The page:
But what if democracy is not functioning properly? What if politicians, rather than representing the views and interests of their constituents, seek to dictate those views and interests. And what if they do so to advance their own views and interests? For democracy to function properly, for a citizenry to be self-determinate, citizens need the opportunity to make informed choices about their own welfare. People can only make informed choices if they are in fact informed, and governments have a responsibility, which they are currently abrogating, to tell the truth.

The Australian government is not telling the truth about the climate emergency, and has absolutely no intention of addressing the problem. It is resisting and frustrating renewable energy investment while actively pursuing new fossil fuel projects, of which coal is a major part. In Australia (as elsewhere) the powerful vested interests of the fossil fuel lobby have direct lines to government. The country’s policies and laws under these circumstances do not represent the best interests of the people but rather, at their expense, advance the interests of the few. This triple whammy of government obfuscation, policy inaction, and active support of heavy carbon emission activities is creating intense anger and frustration for climate realists from across the political and social spectrum, and support for disruptive, direct action is rapidly growing.

There is, of course, the question of how creating disruption by, for example, blocking bridges, swarming intersections and surrounding government buildings or corporate offices, would achieve the desired results. On one hand it is unlikely that the government will cave to the demands of protestors. On the other hand, Extinction Rebellion’s sustained protests across London in October 2018 resulted in the UK government declaring a climate emergency. Some dismiss this as merely symbolic, as indeed without meaningful policy change it is – but nevertheless, it is not nothing, and it has given impetus and hope to the movement for solving the climate crisis.

Those engaging in acts of civil disobedience do not know with any certainty if these tactics can or will work, but they do know that ordinary, legal forms of protest can not now be effective enough quickly enough. In this sense civil disobedience is a resort taken by people to express their anger and frustration at a destructive and intransigent system. Disruptive action has a cost – to the individuals risking arrest by disobeying the law and also to society. Those taking such action recognize that the stakes are very high, and that the costs of inaction are far greater.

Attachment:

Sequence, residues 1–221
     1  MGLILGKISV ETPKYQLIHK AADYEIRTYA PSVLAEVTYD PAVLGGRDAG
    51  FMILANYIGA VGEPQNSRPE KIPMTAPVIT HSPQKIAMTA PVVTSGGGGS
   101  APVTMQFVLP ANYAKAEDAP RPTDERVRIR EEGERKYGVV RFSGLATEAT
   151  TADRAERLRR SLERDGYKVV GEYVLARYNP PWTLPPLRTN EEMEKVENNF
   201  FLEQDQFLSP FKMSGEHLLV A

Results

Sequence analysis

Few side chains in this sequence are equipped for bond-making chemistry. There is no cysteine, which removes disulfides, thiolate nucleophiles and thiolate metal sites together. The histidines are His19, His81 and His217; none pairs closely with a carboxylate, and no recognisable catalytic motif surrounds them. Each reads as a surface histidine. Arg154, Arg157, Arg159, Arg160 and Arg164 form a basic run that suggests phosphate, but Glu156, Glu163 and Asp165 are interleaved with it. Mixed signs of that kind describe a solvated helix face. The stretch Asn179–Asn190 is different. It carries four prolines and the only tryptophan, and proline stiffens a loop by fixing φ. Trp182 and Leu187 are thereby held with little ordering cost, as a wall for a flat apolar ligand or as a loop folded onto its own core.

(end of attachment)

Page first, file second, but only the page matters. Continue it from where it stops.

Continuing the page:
I do not think it is difficult to make a case that under these circumstances civil disobedience is morally justified. Can we, though, defend the stronger claim that it is morally required?

Ahead of the September 20 School Strike for Climate, an open letter was published from over one hundred Australian academics from a variety of disciplines and universities endorsing and supporting Extinction Rebellion and its activities. The letter concluded that:

“When a government willfully abrogates its responsibility to protect its citizens from harm and secure the future for generations to come, it has failed in its most essential duty of stewardship. The ‘social contract’ has been broken, and it is therefore not only our right, but our moral duty, to rebel to defend life itself.”

This statement clearly makes the move from acts of civil disobedience being justified to their being required – as a moral duty. Though I agree with the claim, its defense is trickier.

For example, exactly whose duty is it? Who is morally required to engage in civil disobedience? Even if someone feels that they, morally, have no choice – are they justified in making that demand of others? Our moral intuitions would suggest that there are reasons for rejecting that inference. And this appears to put it – as a moral duty – into conflict with one of the fundamental features of moral duties, which is that they are universal. If I recognize something as a moral duty for myself, then, all things being equal, I recognize it as such for others as well.

I do not see this as an insurmountable problem for the claim that we have a moral duty to rebel against a fundamentally unjust system in the face of looming existential catastrophe. Perhaps one way of fleshing out an answer would be to return to the ‘all things being equal’ clause. Perhaps also there is a way to acknowledge that while each person must freely choose – and be free not to choose – to take such action, there is still a collective responsibility governing the moral musts. These are difficult philosophical issues and they require further reflection.

I began by saying that at the core of ethics is the Socratic question of what it means to live a good human life. Humanity is at a crossroads, and how we understand Socrates’ question, and how we choose to respond to what it asks of us, needs to be reassessed in light of where we are. It seems clear that, given the current situation, living a good human life cannot mean going about one’s business as if the world might not be ending.

Kim Davis: Civil Activist or Criminal?

Kim Davis, a county clerk from Morehead, Kentucky, was jailed recently for refusing to issue marriage licenses to a homosexual couple and two heterosexual couples on religious grounds. “I never imagined a day like this would come –“ she says, “- where I would be asked to violate a central teaching of Scripture and of Jesus Himself regarding marriage. To issue a marriage license which conflicts with God’s definition of marriage, with my name affixed to the certificate, would violate my conscience.”  Continue reading “Kim Davis: Civil Activist or Criminal?”